While various embodiments of the present invention have been described above, it should be understood that they have been presented by way of example only, and not limitation. It will be apparent to those skilled in the art that various changes in the form and details can be made without departing from the spirit and scope of the invention. As such, the breadth and scope of the present invention should not be limited by the above-described exemplary embodiments, but should be defined only in accordance with the following claims and equivalents thereof.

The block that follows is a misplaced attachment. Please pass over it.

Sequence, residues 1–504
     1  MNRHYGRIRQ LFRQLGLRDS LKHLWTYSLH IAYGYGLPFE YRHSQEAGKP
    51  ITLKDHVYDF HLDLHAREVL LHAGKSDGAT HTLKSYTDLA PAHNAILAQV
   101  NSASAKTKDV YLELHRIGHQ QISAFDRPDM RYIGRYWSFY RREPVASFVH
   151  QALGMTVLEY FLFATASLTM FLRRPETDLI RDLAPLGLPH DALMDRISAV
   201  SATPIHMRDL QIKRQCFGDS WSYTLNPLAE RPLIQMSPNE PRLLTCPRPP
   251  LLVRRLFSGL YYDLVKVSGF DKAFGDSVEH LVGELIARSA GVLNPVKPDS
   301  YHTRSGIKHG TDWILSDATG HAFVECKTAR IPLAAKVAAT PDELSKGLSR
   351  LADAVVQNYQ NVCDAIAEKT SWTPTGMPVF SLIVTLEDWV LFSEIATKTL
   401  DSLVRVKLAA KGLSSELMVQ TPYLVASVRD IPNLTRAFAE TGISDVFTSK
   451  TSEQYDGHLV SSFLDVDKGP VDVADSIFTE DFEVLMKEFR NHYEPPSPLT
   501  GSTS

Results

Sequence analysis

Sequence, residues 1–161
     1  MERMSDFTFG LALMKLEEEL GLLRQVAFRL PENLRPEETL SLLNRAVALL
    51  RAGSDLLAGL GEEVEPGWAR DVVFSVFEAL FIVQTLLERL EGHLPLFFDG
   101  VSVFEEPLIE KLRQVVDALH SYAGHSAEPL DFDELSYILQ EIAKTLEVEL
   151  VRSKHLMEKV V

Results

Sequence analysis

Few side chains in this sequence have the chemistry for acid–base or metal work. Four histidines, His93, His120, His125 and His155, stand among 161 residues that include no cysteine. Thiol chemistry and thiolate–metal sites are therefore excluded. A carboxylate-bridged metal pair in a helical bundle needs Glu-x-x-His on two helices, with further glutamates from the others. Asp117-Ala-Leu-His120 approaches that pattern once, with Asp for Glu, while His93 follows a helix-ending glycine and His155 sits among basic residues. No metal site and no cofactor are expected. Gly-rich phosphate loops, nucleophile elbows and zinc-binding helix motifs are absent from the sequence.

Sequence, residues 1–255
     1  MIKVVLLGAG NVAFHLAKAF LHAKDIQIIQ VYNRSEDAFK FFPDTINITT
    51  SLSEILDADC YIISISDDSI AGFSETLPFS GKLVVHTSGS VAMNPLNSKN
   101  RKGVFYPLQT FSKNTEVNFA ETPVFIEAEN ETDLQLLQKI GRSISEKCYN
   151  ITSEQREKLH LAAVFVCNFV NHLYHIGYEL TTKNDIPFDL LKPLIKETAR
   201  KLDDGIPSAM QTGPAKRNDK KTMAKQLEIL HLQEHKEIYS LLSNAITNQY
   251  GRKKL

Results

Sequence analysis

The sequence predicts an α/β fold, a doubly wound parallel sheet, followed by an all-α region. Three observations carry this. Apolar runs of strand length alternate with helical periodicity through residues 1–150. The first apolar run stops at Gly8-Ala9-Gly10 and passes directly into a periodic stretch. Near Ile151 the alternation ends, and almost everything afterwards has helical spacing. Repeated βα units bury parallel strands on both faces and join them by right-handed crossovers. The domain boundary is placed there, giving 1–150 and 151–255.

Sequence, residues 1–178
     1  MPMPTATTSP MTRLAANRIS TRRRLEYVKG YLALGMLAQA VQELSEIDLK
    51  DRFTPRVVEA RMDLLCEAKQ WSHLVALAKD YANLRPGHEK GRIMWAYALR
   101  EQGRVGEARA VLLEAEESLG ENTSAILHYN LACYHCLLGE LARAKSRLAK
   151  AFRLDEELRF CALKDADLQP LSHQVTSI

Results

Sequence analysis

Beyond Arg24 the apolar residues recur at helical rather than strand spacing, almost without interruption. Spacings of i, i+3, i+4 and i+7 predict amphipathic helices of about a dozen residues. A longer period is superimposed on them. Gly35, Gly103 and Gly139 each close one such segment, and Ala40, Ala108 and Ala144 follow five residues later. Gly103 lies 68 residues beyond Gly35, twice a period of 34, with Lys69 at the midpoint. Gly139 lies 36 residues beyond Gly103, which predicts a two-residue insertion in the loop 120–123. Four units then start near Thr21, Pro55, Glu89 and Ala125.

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Classifications
U.S. Classification473/457, 473/422
International ClassificationA63B69/00
Cooperative ClassificationA63B2071/0633, A63B71/0622, A63B15/005, A63B2071/0655, A63B69/0002, A63B24/0003, A63B2220/833, A63B59/025, A63B15/02, A63B2220/801, A63B2069/0008, A63B65/122, A63B2220/34
European ClassificationA63B15/00C, A63B69/00B, A63B15/02